In your time at the College of Charleston, you’ll have plenty of opportunities to make lasting memories. Check out this week’s post and be inspired.
By Ebony Venson, ’18, ’20
As a student, you are often told that one of the most valuable experiences of your undergraduate career is having an internship. And I’m here to tell you that the rumors are true. My summer internship with South Carolina Congressman and Majority Whip James E. Clyburn definitely changed my life. This opportunity was awarded to me through the WN Looper award, presented by the College of Charleston’s Political Science Department. As a young girl, I was always mesmerized by the towering monuments of D.C. and equally intrigued by the fast-paced Capitol Hill environment. And as a political science major, I spent hours studying the history, rules, and processes of the United States government and Congress. Suddenly, my dreams and studies had become a reality, and I set off on my journey to Washington, D.C. But more than anything, I was thrilled at the chance to sing the “I’m Just a Bill” song while on Capitol Hill.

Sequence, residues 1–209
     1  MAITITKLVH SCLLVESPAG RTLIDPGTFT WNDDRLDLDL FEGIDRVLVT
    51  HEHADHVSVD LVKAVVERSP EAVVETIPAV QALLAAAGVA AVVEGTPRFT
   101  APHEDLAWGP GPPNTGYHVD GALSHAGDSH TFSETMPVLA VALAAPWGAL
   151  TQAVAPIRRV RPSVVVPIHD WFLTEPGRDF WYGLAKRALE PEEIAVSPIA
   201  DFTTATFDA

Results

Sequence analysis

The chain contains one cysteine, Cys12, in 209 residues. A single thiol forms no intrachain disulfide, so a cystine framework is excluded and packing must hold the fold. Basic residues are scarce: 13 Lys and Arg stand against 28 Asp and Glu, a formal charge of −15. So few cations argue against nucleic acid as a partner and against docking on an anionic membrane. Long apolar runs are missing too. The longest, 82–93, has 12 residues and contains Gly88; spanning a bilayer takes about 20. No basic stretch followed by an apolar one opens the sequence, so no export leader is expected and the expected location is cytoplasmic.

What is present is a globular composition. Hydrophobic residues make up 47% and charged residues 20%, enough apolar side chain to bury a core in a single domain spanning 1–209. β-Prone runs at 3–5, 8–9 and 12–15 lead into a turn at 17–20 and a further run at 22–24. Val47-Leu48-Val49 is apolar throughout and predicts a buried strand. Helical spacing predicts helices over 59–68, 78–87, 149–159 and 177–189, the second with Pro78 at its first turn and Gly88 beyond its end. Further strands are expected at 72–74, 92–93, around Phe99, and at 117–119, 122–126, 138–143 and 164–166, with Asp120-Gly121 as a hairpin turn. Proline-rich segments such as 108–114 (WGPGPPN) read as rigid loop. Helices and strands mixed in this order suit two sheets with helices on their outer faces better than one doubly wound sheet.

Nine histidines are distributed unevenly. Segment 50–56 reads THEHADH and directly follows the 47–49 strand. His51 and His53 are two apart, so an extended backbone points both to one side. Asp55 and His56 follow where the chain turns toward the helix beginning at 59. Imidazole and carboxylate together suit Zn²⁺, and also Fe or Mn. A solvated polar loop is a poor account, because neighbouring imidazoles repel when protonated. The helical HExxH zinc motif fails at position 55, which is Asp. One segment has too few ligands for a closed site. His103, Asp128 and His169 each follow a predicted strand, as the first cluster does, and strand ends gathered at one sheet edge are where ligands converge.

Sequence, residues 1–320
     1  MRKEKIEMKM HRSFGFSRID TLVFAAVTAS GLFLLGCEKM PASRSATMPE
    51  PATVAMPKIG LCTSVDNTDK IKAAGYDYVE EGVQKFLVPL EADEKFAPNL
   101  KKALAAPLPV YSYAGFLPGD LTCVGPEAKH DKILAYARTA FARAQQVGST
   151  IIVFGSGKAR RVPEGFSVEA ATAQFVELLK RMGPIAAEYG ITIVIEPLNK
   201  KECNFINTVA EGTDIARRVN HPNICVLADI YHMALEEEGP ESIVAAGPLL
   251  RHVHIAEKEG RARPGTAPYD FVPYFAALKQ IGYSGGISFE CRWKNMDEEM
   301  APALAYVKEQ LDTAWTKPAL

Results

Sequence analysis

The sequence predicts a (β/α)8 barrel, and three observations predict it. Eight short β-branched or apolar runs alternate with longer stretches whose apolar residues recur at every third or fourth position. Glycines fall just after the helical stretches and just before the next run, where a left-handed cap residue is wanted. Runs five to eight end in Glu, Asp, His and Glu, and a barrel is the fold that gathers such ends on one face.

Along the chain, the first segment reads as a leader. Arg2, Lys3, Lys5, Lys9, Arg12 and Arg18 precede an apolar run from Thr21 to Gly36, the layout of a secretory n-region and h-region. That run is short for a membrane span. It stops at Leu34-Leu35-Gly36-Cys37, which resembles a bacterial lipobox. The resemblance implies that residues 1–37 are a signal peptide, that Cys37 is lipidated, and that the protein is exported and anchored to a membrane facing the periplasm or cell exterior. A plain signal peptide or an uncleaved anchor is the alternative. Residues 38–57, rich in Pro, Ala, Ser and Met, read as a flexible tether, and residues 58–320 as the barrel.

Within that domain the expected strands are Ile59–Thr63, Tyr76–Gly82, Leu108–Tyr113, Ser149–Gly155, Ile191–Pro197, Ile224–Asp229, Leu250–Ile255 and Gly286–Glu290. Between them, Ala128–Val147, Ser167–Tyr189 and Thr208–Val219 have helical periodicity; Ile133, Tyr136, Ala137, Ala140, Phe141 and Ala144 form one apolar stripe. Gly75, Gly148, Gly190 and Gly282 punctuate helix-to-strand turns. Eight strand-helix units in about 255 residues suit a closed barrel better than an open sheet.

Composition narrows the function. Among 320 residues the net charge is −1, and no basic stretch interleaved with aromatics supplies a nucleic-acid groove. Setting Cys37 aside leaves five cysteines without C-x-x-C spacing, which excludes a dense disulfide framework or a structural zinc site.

I must admit. At first, I was a little nervous. Scared to say the wrong thing. Worried about asking too many questions. But eventually, I found my stride. Which was pretty easy to do, especially working with Whip Clyburn’s supportive team of policy nerds, Pepsi drinkers, and bulldog fans. Their eagerness to share knowledge, make connections, and catalyze change made my internship an experience like no other. Through this experience, I was able to gain a clearer understanding of the day to day lives of members of congress and expand my knowledge on the vital role congressional staff members play in policymaking.
But the work—meaningful as it was—was only a small part of what made my experience so special. Everyone I met, from fellow interns to Congressman Clyburn himself, helped me grow, both as a student and a person. While living at the International Student House (ISH), I met activists, politicos, and ambitious leaders that shared their personal journeys and offered advice about working in the field. Hearing their stories opened my eyes to the endless possibilities and opportunities available to young leaders like myself.
One of my favorite quotes from Congressman Clyburn is that “your success will depend upon your ability to persevere, build relationships, and build bridges.” Honing these skills were critical to my work as a D.C. intern, and are foundational in my future success as a public service leader.